Save in battle his health was poor. He was epileptic, his strength undermined by incessant debauches; yet let a nation fancying him months away put on insurgent airs, and on that nation he descended as the thunder does. In his campaigns time and again he overtook his own messengers. A phantom in a ballad was not swifter than he. Simultaneously his sword flashed in Germany, on the banks of the Adriatic, in that Ultima Thule where the Britons lived. From the depths of Gaul he dominated Rome, and therewith he was penetrating impenetrable forests, trailing legions as a torch trails smoke, erecting walls that a nation could not cross, turning soldiers into marines, infantry into cavalry, building roads that are roads to-day, fighting with one hand and writing an epic with the other, dictating love-letters, chronicles, dramas; finding time to make a collection of witticisms; overturning thrones while he decorated Greece; mingling initiate into orgies of the Druids, and, as the cymbals clashed, coquetting with those terrible virgins who awoke the tempest; not only conquering, but captivating, transforming barbarians into soldiers and those soldiers into senators, submitting three hundred nations and ransacking Britannia for pearls for his mistresses’ ears.
Each epoch has its secret, and each epoch-maker his own. Caesar’s secret lay in the power he had of projecting a soul into the ranks of an army, of making legions and their leader one. Disobedience only he punished; anything else he forgave. After a victory his soldiery did what they liked. He gave them arms, slaves to burnish them, women, feasts, sleep. They were his comrades; he called them so; he wept at the death of any of them, and when they were frightened, as they were in Gaul before they met the Germans, and in Africa before they encountered Juba, Caesar frightened them still more. He permitted no questions, no making of wills. The cowards could hide where they liked; his old guard, the Tenth, would do the work alone; or, threat still more sinister, he would command a retreat. Ah, that, never! Fanaticism returned, the legions begged to be punished.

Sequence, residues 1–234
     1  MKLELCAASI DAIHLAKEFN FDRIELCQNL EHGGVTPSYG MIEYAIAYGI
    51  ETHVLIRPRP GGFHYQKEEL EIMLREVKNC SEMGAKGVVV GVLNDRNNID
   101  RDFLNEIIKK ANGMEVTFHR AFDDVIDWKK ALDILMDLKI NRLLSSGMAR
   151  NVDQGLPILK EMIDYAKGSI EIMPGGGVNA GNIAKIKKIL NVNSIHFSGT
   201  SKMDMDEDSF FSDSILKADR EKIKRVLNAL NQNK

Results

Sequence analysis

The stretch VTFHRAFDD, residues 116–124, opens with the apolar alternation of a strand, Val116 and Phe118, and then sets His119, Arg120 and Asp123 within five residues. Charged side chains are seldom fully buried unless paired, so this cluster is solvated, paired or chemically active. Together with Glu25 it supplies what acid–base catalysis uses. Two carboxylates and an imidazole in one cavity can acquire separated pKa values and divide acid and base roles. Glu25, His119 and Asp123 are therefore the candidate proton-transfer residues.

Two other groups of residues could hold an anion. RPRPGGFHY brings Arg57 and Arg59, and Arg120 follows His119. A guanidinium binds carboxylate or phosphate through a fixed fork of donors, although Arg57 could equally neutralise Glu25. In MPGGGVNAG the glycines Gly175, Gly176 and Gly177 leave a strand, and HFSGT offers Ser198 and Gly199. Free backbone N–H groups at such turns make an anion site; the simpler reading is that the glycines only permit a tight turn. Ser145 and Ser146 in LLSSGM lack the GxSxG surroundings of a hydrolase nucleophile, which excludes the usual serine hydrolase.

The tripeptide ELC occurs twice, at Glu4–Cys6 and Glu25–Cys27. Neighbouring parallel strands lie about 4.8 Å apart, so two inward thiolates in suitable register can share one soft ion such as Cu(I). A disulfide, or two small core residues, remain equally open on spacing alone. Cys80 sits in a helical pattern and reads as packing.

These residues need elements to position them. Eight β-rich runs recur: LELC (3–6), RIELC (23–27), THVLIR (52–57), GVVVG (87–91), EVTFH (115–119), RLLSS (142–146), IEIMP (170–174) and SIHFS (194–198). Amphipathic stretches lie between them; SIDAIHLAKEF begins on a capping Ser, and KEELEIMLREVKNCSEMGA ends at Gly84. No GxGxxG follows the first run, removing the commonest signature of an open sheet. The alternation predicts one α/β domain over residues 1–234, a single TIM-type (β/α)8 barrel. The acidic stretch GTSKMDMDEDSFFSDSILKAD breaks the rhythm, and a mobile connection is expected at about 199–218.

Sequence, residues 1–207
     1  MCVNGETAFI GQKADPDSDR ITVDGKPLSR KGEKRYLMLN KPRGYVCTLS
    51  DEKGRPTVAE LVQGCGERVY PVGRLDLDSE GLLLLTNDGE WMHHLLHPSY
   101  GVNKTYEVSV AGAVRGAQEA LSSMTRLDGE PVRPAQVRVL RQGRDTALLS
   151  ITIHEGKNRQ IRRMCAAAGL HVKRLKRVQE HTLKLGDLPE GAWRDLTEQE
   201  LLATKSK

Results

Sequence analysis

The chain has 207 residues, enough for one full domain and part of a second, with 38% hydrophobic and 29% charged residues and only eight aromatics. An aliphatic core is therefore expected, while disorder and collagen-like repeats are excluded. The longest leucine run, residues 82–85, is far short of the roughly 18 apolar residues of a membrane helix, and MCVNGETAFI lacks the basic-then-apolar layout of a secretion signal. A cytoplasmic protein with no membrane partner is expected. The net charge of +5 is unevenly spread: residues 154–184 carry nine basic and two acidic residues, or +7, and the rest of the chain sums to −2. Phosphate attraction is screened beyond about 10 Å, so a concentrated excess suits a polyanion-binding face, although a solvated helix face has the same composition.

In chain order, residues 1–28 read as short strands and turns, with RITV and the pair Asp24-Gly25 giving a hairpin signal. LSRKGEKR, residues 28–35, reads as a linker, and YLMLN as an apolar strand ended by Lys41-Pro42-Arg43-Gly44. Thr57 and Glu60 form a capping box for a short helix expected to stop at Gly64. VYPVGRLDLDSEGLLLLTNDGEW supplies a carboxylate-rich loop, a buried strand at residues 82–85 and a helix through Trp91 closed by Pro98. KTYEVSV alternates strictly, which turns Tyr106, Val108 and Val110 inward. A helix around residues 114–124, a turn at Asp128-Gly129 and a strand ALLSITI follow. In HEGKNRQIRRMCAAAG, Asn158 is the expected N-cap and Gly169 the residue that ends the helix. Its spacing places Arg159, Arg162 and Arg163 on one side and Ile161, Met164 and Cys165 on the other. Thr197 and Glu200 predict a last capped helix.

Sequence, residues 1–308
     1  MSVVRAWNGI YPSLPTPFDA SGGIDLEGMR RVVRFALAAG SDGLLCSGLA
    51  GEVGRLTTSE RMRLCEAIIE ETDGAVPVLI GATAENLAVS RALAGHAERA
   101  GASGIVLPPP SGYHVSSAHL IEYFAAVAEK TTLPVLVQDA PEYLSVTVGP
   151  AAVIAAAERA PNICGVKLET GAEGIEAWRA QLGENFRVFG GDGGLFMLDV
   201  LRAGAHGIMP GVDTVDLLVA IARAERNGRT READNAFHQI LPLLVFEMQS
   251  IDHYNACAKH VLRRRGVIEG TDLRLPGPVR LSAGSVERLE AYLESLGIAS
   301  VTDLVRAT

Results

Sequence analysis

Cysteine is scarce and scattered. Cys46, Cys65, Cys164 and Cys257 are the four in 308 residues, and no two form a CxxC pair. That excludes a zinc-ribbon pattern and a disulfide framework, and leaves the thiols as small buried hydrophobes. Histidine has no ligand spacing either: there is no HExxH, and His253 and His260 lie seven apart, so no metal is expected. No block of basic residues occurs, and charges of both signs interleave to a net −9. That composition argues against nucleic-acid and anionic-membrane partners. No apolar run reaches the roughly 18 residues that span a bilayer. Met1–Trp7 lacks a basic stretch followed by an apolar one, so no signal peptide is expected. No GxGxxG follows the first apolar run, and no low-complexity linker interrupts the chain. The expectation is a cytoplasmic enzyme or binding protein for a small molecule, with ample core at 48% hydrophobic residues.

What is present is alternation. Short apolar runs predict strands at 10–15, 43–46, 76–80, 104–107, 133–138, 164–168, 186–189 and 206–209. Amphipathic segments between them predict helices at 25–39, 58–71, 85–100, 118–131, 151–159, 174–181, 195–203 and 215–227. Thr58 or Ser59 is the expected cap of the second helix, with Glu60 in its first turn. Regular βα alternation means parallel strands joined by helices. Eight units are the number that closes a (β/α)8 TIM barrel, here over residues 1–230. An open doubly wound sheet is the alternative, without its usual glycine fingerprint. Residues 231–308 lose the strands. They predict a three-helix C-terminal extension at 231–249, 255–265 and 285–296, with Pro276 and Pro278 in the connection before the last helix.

Michelet says he would like to have seen him crossing Gaul, bareheaded, in the rain. It would have been as interesting, perhaps, to have watched him beneath the shade of the velarium pleading the cause of Masintha against the Numidian king. Before him was a crowd that covered not the Forum alone, but the steps of the adjacent temples, the roofs of the basilicas, the arches of Janus, one that extended remotely to the black walls of the Curia Hostilia beyond. And there, on the rostrum, a musician behind him supplying the la from a flute, the air filled with gold motes, Caesar, his toga becomingly adjusted, a jewelled hand extended, opened for the defence. Presently, when through the exercise of that art of his which Cicero pronounced incomparable, he felt that the sympathy of the audience was won, it would have been interesting, indeed, to have heard